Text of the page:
• Pneumonia: All adults age 65 and over should be vaccinated. Those who haven’t been vaccinated for five or more years and received vaccination before age 65 should be vaccinated again.
  • Diptheria & Tetanus: Older adults who’ve never been vaccinated should receive two shots at least one to two months apart, followed by a third shot at least six to 12 months later. Booster shots should be given every 10 years. Those with allergic reactions to the shot should not be vaccinated.

Low-Dose Aspirin Therapy – Older adults with two or more heart disease risk factors, including low HDL cholesterol, diabetes, severe obesity and a family history of heart disease, may benefit from low-dose aspirin therapy. Taking one aspirin tablet every other day can significantly lower the risk of heart related ailments and reduce the possibility of a second heart attack.

Dental Checkups – Regular dental visits can help reveal and prevent infectious diseases originating in the mouth, including gum infections and cancer. Older adults who practice good dental hygiene are less likely to develop dental issues as they age.

Accident Prevention – Accidental injuries are a leading cause of death among older adults over the age of 65. Increased frailty, reduced resilience and mobility, and natural reductions in vision, hand-eye coordination and mental acuity all combine to create an elevated risk of serious injury and possible care in a rehabilitation facility or nursing home. Removing potential hazards can help reduce the likelihood of serious injury for older adults.

Second-Level Prevention

Older adults who are already suffering from diseases benefit from second-level prevention. This level of disease prevention focuses on early detection and prompt treatment of age-related diseases. Detecting certain diseases early on can help healthcare providers create an effective treatment road map as soon as possible.

Prostate cancer – Prostate cancer is one of the leading causes of death in men over the age of 75. Men over the age of 65 should consult their healthcare provider about being screened for prostate cancer.

Breast cancer – Annual examinations and a mammogram every one to three years can help detect and provide early treatment for breast cancer.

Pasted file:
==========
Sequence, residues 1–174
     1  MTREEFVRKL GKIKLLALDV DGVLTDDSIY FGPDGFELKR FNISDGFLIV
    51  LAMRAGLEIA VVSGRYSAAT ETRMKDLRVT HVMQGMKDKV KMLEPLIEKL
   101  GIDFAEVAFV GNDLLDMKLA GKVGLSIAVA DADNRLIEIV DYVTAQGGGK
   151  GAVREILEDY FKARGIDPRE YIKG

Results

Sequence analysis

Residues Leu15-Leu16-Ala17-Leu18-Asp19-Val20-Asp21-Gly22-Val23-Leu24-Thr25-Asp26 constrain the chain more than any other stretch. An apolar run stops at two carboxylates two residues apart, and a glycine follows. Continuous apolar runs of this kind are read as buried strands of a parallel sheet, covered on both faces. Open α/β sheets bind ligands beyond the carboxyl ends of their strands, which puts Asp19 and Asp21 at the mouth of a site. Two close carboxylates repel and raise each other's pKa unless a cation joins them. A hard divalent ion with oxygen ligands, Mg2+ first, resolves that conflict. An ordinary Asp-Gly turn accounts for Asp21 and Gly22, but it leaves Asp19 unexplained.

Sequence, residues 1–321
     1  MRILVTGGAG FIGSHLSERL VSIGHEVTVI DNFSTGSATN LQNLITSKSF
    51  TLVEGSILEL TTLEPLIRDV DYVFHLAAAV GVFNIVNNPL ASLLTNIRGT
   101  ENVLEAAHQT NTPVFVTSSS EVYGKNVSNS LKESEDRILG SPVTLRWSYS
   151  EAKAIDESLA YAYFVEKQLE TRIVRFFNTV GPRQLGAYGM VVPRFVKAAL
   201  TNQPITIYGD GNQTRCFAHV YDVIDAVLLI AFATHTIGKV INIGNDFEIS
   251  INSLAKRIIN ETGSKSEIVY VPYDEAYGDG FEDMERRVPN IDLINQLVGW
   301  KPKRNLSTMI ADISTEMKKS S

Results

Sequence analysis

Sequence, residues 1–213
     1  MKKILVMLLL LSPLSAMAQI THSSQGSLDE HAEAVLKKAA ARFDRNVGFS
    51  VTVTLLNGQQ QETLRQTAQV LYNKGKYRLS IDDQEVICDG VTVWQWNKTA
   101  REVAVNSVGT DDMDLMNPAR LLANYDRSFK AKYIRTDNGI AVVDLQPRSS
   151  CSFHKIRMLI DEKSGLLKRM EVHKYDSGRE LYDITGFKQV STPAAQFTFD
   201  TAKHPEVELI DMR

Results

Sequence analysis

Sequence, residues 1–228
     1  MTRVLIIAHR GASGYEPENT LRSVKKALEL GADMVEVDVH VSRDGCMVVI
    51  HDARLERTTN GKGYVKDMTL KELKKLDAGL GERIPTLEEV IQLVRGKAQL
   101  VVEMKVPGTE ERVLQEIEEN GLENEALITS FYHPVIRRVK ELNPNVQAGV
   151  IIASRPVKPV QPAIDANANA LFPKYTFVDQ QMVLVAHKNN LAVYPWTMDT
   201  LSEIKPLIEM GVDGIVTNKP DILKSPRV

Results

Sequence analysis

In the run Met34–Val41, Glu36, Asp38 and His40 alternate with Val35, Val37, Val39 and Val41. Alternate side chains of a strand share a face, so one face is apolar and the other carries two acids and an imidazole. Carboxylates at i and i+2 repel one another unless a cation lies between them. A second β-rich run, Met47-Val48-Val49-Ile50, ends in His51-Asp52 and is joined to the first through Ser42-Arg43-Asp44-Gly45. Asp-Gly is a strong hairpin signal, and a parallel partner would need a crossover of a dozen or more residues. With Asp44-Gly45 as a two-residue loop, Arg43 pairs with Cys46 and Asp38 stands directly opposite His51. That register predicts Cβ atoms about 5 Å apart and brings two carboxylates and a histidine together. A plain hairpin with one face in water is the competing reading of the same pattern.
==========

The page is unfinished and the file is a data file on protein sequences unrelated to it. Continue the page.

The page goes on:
Colon cancer – Those with an elevated risk of colon cancer, including those with a history of other cancers, irritable bowel syndrome or relatives with a history of colon cancer, should undergo yearly fecal occult blood testing and if necessary, a screening colonoscopy.

Cervical cancer – Although women under the age of 65 are encouraged to have normal Pap smears on a regular basis, they’re not needed in women 65 and older. Those who’ve never had Pap smears before age 65 should have two normal annual Pap smears, after which no further testing is needed.

Diabetes – Routine diabetes testing is critical for those with a family history of diabetes, as well as those who are currently obese. Health care providers may test blood sugar levels as a part of blood and urine testing.

Heart Disease – Factors such as cigarette smoking, high blood pressure and high cholesterol play a significant role in increasing risk of heart attack in older adults. An electrocardiogram (ECG) may provide some insight in the heart’s current condition, but it should not be relied on as a sole means of testing. Cardiac stress testing may also prove useful prior to starting an exercise regimen.

Depression – Common in many older adults, depression can be diagnosed and treated by heathcare providers. Screening is often as straightforward as answering a “yes” or “no” question regarding a person’s mental state over the prior week.

Dementia – Significant decline in mental acuity caused by Alzheimer’s disease or other risk factors should be reported as soon as possible. Early detection of dementia in older adults often results in steps taken to counteract its progression. Older adults can maintain mental acuity through regular activities such as reading, learning and problem-solving.

Third-Level Prevention

For older adults who are already suffering from chronic diseases, third-level prevention focuses mainly on monitoring and providing treatment, while preventing disabilities stemming from disease progression. Seniors who do not seek out medical care at the first and second levels of disease prevention are usually in need of the third.

Health care providers may perform a comprehensive geriatric assessment (CGA) over the course of third-level prevention. Most CGAs involve a collection of healthcare professionals, from physicians to occupational therapists, tasked with thoroughly assessing a person’s complete state of health, creating health arrangements that best benefit older adults and staying abreast of health status changes.

Benefits of an Active Lifestyle

Leading an active lifestyle offers a wide assortment of health benefits for people of all ages. However, staying active is especially important for older adults over the age of 65. Older adults who engage in exercise and other preventative activities are more likely to remain healthy and independent longer than their sedentary counterparts.

Additional Resources

Older adults, loved ones and health care providers may find the following additional resources useful for disease prevention and other aspects of elderly care.

AGS Foundation for Health in Aging
40 Fulton Street, 18th Floor
New York, NY 10038
(800) 563-4916

601 E Street, NW
Washington DC 20049
(888) 687-2277

National Clearinghouse for Long Term Care Information
Administration on Aging
One Massachusetts Avenue NW
Washington, DC 20001
(202) 619-0724